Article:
On March 11 (yes, I’m that far behind!) Abby took our lab meeting on the road and gave us a tour of her work on the geology interpretive displays at McCone Hall, including the infamous McConehenge (which, unfortunately, I don’t have any photos of — you’ll have to go to the “front yard” of McCone Hall and check it out for yourself). This has been a semester-long labor of love (and sweat) on Abby’s part (she worked with Nick Swanson-Hysell on this, of the Department of Earth and Planetary Science), and the results show it! Probably best lab meeting ever.
Joyce gave her finishing talk, and, as expected, hit it out of the park. Congratulations Joyce!!! The rlab is very proud! A few photos follow, of the action and the subsequent celebrations. If you WANT TO SEE HER TALK FOR YOURSELF, it is HERE.
I was recently invited to write an article for the Friends of the Regional Parks Botanic Garden, and chose to write about a group of plants I studied for my doctoral dissertation, the subalpine marshmarigolds of western North America. For this article I focused on the two species that occur in California, the hexaploid Caltha biflora and the allododecaploid C. leptosepala. While the hexaploid is widespread in the mountains of California, the allododecaploid is apparently very rare in California, and restricted to the Warner Mountains and High Sierra. It was fun to write in a different style than usual, and hopefully the article will reach an audience beyond the academic community!
Ferns were on full display at this year’s Science Slam at Black Pine Circle School, a K-8 private school in Berkeley, California. Graduate student Mick Song participated alongside several scientists and science educators in kicking off a week of science for the middle schoolers. Showcasing several exciting ferns and lycophytes from Costa Rica and telling them about the exciting Azolla event, Mick introduced several students to the world of pteridology. However, there were several intrepid students who already were pressing plants at home! The youth are alright!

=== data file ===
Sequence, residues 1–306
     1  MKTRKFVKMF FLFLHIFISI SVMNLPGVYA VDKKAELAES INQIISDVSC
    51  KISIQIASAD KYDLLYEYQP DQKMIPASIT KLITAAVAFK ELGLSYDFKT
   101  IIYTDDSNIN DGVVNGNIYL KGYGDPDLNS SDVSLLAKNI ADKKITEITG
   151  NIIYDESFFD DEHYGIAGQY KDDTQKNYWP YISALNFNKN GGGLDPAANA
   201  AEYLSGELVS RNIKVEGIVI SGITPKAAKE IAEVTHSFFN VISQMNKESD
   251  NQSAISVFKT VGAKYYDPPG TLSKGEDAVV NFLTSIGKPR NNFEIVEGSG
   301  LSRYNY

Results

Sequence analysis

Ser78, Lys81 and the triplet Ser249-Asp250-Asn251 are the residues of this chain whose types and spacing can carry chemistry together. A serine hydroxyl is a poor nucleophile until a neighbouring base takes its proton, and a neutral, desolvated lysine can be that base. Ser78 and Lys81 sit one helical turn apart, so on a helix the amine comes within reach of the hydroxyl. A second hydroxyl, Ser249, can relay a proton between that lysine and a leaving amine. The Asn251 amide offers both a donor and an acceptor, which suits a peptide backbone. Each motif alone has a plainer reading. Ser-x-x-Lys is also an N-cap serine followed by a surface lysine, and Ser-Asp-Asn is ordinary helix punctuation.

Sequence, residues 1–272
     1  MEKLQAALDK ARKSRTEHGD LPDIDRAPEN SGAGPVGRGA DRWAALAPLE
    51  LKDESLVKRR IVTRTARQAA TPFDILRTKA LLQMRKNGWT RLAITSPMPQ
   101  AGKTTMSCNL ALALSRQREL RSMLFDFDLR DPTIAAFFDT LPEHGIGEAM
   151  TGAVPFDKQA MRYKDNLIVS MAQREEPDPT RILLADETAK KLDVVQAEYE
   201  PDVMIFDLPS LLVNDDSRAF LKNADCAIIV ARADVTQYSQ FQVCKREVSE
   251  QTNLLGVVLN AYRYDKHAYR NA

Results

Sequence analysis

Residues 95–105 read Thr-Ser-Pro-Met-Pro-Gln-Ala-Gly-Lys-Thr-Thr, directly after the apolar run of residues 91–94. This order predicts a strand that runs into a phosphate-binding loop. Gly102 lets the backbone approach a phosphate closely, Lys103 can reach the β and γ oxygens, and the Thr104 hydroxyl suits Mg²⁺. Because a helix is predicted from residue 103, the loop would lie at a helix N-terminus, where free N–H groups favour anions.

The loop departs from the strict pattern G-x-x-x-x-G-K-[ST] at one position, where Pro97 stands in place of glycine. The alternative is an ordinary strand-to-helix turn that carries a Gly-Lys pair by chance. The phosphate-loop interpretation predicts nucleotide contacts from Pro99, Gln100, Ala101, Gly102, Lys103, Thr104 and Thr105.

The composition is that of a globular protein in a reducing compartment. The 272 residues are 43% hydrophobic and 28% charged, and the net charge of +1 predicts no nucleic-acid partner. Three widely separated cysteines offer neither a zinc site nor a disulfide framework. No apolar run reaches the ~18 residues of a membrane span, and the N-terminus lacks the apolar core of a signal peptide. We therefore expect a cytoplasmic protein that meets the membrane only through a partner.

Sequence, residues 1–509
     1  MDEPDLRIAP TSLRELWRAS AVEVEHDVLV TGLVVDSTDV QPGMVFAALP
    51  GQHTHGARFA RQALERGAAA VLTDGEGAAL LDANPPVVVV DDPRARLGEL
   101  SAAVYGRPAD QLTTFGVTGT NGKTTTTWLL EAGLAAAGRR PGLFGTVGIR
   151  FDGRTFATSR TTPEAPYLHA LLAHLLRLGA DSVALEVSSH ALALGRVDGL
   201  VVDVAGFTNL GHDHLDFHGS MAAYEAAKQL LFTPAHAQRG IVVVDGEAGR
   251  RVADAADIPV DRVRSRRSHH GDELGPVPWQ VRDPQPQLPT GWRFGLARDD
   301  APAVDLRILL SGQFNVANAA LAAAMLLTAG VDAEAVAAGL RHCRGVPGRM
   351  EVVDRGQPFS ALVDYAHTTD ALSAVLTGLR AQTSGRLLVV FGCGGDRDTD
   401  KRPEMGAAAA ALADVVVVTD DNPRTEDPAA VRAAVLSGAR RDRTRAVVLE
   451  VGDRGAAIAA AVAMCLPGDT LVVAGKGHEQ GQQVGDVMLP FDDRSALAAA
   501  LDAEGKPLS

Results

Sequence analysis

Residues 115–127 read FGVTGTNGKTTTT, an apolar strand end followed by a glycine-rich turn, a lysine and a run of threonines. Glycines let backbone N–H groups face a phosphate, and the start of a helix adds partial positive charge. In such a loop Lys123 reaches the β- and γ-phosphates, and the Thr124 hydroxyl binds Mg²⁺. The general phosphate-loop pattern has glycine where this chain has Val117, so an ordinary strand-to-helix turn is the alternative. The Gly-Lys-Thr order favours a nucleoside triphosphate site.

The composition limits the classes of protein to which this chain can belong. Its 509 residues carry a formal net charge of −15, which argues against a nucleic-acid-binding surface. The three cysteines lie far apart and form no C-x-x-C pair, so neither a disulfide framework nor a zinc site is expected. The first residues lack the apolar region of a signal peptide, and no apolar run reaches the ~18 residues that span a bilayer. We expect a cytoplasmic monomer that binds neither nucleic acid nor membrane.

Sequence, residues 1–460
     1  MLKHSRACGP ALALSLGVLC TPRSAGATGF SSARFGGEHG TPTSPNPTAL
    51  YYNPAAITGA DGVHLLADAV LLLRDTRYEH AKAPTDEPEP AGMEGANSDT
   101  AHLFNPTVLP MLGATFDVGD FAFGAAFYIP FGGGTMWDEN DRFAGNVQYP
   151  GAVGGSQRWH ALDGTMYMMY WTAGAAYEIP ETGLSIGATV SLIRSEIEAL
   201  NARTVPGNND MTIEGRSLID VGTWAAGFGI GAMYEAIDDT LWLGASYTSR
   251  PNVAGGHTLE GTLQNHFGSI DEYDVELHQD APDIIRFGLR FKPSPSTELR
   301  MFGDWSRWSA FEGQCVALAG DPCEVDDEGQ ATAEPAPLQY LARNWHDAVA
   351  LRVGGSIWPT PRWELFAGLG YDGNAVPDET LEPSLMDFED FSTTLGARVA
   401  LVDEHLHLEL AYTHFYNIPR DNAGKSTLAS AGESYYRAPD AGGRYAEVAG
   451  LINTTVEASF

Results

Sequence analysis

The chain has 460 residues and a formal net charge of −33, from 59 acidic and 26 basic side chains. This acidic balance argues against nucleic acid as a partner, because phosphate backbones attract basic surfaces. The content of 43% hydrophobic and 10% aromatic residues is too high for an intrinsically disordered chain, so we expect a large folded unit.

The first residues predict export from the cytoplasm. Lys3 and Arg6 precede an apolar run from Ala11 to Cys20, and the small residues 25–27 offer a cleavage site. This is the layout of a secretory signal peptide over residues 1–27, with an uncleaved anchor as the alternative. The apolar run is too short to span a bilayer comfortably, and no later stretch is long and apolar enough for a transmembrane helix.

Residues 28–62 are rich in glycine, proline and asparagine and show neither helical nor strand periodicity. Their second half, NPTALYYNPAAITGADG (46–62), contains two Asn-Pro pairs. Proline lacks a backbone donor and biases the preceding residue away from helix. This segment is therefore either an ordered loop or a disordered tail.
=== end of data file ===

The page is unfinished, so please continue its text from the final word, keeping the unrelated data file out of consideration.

With paleo valentines! These gems (and their captions) are courtesy of Allie Weill — thank you Allie!! If you’re impressed, you get more Allie content on instagram (@al.m.weill) and the twitter (@Al_R_Wallace).
munitum, imbricans, dudleyi, and californicum, oh my
Jonathan took the reins for last week’s PLANTS! seminar and gave a compelling tour of the glory and mystery of reticulating Polystichum. Killer synapomorphies for Polystichum imbricans subspecies curtum remain elusive, however.
Article on San Diego State University Field Stations Program website
Our recent fieldwork at Santa Margarita Ecological Reserve (in Riverside and San Diego Counties near Temecula, CA) resulted in on online article on the San Diego State University Field Stations Program new website!
This spot was absolutely luscious, with lots of topographic diversity, rain, mud, flowering plants, ferns, lycophytes, fungi, and liverworts. We (Forrest and Keir) found the first Pentagramma triangularis of the trip here, which rounded out our other fern and lycophyte collections of the morning nicely. I’m so grateful that this Reserve exists, and that the SDSU Field Stations make this biodiverse region so accessible for research. See previous post for more luscious photos of SMER!
In mid-January, two researchers from the Rothfels Lab, Keir Wefferling, focusing on Pentagramma (the goldback and silverback ferns in Pteridaceae) and Forrest Freund, with a focus on the lycophyte genus Isoëtes, (quillworts, in Isoëtaceae) visited three SDSU and UCNRS Ecological Reserves and a number of National Wildlife Refuge sites in San Diego, Riverside, and San Bernardino Counties. Their fieldwork took place amidst some magnificent rains, wind, and sun!
The collection trip was focused on the pteridaceous fern genus Pentagramma, and they managed to find 3.5 species: the goldback fern P. triangularis and the more or less silverback ferns P. maxonii, P. glanduloviscida, and a likely cross (allopolyploid?) between P. glanduloviscida and P. viscosa. Pentagramma currently has six recognized diploid species and an unknown number of polyploids (mostly triploids and tetraploids) formed through natural hybridization among the diploids. In order to get a better grasp of the morphological, genetic, and chromosome number variation among different populations of Pentagramma, Keir has been sampling from across the range of the genus, incorporating material from herbarium specimens and from the field. Fresh and living material collected on this trip will be particularly useful as it provides high quality DNA and RNA for sequencing work, is ideal for genome size analysis using flow cytometry, and may yield meiotically active cells suitable for chromosome counting work!